'Khodorkovsky' (2011) is a riveting documentary telling the story of the fall of one of the richest men in post-Soviet Russia. The film, directed by Cyril Tuschi, looks splendid, in full wide-screen with many shots in Moscow, Israel, Siberia (including the prison where he now lives), and sharp animation recreating his life and his arrest.The film explains how Russian 'oligarchs' were created after the fall of the Soviet Union. Russia did not have a real currency in the usual sense, the film says, so it wound up giving away wealth rather arbitrarily. How did this process work in China?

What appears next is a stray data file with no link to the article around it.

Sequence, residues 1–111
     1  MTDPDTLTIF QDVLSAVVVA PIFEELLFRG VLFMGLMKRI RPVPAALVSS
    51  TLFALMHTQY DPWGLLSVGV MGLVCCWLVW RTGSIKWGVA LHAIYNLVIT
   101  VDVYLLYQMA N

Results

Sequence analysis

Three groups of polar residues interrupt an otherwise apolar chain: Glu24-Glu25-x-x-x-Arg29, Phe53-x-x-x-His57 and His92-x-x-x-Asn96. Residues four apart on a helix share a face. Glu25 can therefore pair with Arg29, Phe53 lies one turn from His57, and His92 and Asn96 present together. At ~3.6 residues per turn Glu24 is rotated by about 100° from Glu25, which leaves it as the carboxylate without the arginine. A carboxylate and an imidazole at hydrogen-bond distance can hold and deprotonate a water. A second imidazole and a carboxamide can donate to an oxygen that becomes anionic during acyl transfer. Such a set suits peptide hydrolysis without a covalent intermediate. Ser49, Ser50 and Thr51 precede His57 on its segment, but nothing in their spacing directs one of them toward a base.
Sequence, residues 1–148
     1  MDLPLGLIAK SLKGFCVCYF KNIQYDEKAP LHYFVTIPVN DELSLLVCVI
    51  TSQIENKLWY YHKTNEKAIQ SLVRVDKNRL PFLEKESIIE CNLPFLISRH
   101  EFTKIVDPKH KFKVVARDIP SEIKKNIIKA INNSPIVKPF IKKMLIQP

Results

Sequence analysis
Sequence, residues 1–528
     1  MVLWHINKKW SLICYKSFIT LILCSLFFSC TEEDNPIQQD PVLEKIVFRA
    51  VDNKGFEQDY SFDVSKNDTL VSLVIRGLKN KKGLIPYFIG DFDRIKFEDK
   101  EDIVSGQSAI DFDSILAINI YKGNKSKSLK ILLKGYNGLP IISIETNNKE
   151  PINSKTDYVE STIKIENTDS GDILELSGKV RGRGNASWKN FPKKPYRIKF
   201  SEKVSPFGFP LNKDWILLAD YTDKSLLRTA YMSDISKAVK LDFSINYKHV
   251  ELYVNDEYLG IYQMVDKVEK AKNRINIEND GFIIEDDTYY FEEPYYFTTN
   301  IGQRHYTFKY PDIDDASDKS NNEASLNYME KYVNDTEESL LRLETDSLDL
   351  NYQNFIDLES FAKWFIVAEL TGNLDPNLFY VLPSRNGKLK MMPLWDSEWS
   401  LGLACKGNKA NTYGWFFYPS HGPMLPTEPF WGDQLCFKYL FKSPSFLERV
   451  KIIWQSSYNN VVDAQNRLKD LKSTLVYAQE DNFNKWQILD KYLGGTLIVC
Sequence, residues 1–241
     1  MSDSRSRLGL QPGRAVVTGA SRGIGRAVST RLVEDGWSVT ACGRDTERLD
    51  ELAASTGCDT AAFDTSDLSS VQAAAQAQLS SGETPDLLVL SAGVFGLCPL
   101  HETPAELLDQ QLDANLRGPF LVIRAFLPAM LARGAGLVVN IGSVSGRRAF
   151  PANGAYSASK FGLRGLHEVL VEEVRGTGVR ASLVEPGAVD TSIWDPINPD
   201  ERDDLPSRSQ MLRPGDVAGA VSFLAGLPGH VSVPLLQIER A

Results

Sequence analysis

He was warned by Vladimir Putin that he faced arrest if he returned to Russia, but he did so anyway. He says that he felt controlled by his wealth. Being that rich is inconsistent with being free (sounds like 'The Rich Young Ruler').
The film contains many interviews with his grown son, living in Massachusetts, who says he cannot return to Russia either. And other Putin expatriates around the world are interviewed. The film also makes reference to the polonium poisoning of Litvinenko (Jan. 21) in London. Even living abroad, it isn’t safe for Putin’s enemies. The official site from Kino Lorber is here.The Lantos Foundation has a film 'Miklail Khodorkovsjy: The Man Who Believed He Could Change Russia' on YouTube (20 min). The arresting chamber orchestra score, which sounds familiar, was composed by Martin Fruhmorgen.